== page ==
Updated: Jun 16
When we make art we usually want to add a certain something to our spinning sphere, whether emotive, confronting or beautiful. But never should we be endeavouring to take away from it. Unfortunately every time we use acrylic paint we slap layers of plastic on a canvas and then pour our micro plastic ridden brush water down the sink to hurtle towards our sea turtles. We load our pallets with toxic oil paints such as lead-white, cadmium, and cobalt and then proceed to thin them with solvents like turpentine which again washes down our sinks. Then when our old plastic brushes have seen better days the bristles can't be recycled so off to landfill they go. So with this knowledge and a drive to leave only a positive mark behind, I decided to clean up my art act and start to address each issue, I've began with my paints and will continue to update you along each step.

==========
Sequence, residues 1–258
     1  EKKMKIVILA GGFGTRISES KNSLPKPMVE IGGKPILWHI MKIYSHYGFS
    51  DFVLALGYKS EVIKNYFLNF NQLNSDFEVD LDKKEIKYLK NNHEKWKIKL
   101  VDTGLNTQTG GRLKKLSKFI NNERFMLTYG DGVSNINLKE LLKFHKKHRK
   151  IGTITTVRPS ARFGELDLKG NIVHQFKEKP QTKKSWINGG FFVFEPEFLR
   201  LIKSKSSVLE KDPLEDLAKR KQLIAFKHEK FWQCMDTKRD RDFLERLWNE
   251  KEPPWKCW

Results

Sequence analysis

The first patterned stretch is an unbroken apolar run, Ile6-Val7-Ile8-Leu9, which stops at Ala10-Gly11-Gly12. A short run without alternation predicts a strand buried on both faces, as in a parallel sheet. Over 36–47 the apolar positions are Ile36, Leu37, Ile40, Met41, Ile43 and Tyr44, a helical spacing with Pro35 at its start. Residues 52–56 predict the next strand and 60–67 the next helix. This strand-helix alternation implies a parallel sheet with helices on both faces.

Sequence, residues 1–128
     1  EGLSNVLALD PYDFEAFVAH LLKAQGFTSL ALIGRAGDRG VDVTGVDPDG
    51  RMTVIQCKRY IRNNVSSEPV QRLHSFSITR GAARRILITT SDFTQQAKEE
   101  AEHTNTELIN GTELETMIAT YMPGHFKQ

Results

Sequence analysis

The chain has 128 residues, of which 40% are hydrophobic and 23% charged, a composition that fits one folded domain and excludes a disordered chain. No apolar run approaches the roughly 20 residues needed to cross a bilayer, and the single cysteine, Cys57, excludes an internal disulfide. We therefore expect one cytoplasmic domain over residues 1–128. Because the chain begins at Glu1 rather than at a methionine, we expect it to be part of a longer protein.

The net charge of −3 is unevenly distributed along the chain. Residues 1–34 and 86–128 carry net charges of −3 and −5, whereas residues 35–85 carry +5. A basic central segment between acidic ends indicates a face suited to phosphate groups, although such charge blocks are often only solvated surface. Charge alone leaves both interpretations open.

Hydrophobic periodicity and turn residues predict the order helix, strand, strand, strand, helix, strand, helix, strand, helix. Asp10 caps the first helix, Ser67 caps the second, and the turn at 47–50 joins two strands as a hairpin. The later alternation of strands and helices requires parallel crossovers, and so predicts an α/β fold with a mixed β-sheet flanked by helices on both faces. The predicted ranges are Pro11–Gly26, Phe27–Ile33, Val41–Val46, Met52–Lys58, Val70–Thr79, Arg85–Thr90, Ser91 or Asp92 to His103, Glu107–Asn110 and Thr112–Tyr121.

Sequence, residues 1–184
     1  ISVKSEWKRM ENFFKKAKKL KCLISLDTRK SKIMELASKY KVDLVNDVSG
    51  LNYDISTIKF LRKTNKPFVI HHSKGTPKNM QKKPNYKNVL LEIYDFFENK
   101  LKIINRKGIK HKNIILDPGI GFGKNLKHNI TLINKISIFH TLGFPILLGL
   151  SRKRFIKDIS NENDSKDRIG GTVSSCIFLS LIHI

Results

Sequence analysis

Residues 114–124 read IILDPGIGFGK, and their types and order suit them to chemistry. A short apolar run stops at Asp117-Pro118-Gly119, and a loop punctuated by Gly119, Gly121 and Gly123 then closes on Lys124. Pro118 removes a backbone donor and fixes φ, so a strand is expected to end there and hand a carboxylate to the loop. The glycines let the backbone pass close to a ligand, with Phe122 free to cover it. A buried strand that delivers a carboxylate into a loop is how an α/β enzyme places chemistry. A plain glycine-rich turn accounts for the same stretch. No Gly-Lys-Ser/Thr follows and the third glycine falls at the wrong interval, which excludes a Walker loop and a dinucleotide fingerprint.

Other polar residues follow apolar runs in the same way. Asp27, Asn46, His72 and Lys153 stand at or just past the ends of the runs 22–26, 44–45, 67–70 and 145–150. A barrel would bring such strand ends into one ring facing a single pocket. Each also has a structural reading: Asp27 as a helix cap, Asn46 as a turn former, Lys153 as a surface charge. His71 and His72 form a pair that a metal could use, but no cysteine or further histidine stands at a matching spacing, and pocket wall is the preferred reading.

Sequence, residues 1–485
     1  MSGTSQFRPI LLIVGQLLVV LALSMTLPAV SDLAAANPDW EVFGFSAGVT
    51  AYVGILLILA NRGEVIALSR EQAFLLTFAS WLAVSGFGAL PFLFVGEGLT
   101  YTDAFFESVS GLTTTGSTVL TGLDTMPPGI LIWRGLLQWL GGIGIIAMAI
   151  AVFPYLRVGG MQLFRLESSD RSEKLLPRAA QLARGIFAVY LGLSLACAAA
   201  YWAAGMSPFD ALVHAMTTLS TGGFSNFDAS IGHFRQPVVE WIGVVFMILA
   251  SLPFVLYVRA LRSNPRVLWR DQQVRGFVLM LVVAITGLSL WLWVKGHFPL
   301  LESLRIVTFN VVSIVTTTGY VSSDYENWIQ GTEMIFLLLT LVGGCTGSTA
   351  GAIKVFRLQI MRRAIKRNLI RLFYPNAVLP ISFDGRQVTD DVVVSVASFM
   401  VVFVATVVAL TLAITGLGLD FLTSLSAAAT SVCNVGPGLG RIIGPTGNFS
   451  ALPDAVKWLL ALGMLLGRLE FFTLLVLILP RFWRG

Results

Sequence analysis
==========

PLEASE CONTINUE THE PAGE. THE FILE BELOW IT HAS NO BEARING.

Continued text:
I started making my own paint a few months ago, yes it is little time consuming but an enjoyably messy process (the messy part is optional, I just love a good mess). The majority of colours can be made from natural iron oxide and Titanium dioxide (different to Titanium metal). I mix these raw powders with Linseed oil but other oils can work well, my favourite source for these materials so far is https://www.naturalearthpaint.eu/en/ where you can also get eco-solve paint thinner and sustainable varnishes. The products are also vegan for those avoiding animal products. From a professional point of view I have had to adapt my application style for these paints, they are not as smooth as I am used to but they have triggered a welcome change in my practices that has been exciting. I've been making my paint up in batches and filling them into empty tubes and even found I can refill them (hello golden zone of sustainability). Next up I'll be addressing brushes, canvases and packaging to ship originals and prints... do let me know if you have an advise!